Rating: 2.5/5 stars
Review: Sophie Perinot has clearly dedicated much of her time to research for the historical fiction novel Médicis Daughter. Still, I was disappointed.
Not because she failed to represent history correctly; this is a problem faced by everyone who takes creative license with history, no matter how much or little research has been done, and I think Perinot tried to remain true to what she sees as a possibility for history.
No, I’m disappointed simply because Margot’s character was painful in some respects and the book was too slow in parts.
I’m sure it must have been hard to be a daughter to Catherine de Médicis, and Margot is shaped into a strong woman by the end of the novel who I can’t help but admire (the character growth is well-formulated). Through most of the novel, though, I found her to be not only in pain, but painful. Her strained relationship with her brother Henri, for example, felt forced in parts. I think such a relationship is hard to pull off effectively, but it didn’t help that Margot blamed herself after the problem escalated. Throughout much of the book, she blames herself for the actions of others. This is dangerous for a novel, especially as she blames herself even when others threaten to take advantage of her. This is an idea that should be refuted by the end of the novel, but it is not.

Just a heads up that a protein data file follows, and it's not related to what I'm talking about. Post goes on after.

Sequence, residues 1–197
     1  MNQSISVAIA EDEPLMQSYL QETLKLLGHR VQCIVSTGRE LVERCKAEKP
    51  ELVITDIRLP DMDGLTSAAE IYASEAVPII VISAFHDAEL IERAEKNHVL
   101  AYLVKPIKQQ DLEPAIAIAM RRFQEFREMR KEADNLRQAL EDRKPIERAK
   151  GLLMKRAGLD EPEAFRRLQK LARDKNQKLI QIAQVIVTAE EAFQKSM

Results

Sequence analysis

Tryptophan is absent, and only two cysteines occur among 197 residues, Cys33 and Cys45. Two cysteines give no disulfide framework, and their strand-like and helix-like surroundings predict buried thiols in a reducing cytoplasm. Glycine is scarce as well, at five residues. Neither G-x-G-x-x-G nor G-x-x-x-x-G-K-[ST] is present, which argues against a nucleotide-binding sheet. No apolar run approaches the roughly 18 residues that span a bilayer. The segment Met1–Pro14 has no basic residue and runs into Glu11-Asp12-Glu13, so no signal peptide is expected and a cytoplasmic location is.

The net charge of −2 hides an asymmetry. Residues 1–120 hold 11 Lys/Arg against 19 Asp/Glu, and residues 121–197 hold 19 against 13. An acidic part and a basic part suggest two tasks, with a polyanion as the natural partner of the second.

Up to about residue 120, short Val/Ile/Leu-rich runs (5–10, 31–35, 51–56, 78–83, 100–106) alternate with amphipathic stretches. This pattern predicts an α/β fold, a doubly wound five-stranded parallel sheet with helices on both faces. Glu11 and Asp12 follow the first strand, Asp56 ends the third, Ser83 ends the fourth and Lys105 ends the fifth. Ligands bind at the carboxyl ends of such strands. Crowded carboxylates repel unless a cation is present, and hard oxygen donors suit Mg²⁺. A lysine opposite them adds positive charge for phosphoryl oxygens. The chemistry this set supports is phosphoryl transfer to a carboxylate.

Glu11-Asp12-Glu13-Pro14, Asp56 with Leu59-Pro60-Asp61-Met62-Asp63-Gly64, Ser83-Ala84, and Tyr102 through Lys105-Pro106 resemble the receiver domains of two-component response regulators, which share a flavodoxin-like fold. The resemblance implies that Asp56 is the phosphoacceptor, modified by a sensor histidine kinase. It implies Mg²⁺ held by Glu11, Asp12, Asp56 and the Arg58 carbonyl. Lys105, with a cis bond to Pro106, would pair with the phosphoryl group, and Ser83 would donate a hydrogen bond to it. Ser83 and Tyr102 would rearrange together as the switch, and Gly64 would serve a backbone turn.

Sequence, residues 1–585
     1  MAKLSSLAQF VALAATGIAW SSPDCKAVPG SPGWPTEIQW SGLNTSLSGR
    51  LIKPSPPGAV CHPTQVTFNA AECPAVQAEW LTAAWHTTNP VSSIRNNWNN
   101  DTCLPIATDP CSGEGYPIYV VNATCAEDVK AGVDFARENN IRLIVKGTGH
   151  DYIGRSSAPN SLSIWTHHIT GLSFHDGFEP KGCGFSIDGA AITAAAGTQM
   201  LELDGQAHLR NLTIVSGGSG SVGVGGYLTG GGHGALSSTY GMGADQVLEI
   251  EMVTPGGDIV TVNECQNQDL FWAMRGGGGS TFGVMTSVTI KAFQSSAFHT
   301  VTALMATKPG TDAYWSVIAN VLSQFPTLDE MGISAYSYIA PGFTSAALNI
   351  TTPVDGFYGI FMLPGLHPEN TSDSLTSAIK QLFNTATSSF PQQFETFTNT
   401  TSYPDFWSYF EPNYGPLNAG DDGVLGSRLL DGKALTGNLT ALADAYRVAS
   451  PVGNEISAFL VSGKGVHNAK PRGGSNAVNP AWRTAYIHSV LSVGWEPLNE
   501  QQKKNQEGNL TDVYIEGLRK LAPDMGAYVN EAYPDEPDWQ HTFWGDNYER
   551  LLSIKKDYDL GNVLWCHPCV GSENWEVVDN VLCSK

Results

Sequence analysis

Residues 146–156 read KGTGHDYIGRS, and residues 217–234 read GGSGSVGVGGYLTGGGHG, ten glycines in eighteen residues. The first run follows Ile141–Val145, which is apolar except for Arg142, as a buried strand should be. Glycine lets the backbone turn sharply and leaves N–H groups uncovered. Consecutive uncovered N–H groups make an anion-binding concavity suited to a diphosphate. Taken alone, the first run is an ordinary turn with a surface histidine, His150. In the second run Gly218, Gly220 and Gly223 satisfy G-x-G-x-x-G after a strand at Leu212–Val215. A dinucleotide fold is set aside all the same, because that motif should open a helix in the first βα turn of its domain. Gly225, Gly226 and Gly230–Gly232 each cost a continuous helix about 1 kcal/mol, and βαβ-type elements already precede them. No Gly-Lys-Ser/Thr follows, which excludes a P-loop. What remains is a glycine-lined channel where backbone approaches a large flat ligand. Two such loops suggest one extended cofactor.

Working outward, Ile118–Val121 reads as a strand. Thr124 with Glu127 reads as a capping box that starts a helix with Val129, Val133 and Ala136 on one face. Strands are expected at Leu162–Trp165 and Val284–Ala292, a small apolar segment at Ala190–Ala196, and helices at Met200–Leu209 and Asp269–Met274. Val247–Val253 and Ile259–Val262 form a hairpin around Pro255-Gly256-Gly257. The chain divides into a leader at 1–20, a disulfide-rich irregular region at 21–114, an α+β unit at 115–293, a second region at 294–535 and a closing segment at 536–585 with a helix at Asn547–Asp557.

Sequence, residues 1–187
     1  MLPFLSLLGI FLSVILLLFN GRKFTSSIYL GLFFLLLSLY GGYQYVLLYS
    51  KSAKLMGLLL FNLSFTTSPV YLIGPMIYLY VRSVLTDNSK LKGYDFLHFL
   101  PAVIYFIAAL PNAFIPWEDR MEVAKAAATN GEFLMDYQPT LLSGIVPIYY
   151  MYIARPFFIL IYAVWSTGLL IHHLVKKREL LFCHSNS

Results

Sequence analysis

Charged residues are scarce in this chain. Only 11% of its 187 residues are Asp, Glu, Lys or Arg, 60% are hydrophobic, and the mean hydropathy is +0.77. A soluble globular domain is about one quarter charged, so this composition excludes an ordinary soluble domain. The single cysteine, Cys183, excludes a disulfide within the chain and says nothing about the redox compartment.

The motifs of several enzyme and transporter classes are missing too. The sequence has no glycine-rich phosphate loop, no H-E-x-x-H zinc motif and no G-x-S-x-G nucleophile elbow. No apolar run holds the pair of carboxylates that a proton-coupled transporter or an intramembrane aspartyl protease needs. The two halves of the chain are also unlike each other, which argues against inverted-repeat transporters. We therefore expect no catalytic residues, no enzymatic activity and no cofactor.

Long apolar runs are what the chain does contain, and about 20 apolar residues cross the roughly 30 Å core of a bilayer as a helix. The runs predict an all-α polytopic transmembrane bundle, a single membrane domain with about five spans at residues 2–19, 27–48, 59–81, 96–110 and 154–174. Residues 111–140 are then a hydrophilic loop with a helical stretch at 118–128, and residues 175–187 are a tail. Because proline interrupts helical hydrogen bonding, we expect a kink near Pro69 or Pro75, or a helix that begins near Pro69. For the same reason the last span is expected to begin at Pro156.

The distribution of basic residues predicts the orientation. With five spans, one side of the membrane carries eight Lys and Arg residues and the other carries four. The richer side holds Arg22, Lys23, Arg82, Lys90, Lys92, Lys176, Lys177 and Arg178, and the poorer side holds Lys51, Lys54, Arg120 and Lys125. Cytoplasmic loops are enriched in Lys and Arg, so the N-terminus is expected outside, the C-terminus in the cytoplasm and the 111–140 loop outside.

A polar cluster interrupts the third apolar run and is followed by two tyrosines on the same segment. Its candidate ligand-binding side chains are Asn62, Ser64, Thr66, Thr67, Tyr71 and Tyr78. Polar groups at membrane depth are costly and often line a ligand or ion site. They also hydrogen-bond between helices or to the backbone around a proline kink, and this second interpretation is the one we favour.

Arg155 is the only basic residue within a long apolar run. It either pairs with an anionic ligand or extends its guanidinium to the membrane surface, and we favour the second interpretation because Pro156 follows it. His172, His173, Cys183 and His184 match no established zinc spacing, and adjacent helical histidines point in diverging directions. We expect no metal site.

The book also lags in the middle, as historical fiction novels so often do. Rather than build suspense, I found Margot’s relationship with a certain gentleman tedious. The character change of that gentleman is not as well-formulated as the change of Margot herself. Moreover, his change felt contrived for the convenience of plot. In this same section of the novel, I found it difficult to follow where in France Margot was.
In spite of its flaws, this book taught me a lot about Margot de Valois and her family as well as the War of Religion and St. Bartholomew’s Day Massacre, and, for historical fiction, having learned something is perhaps the most important quality.
Thank you NetGalley for allowing me to read this book in exchange for an honest review.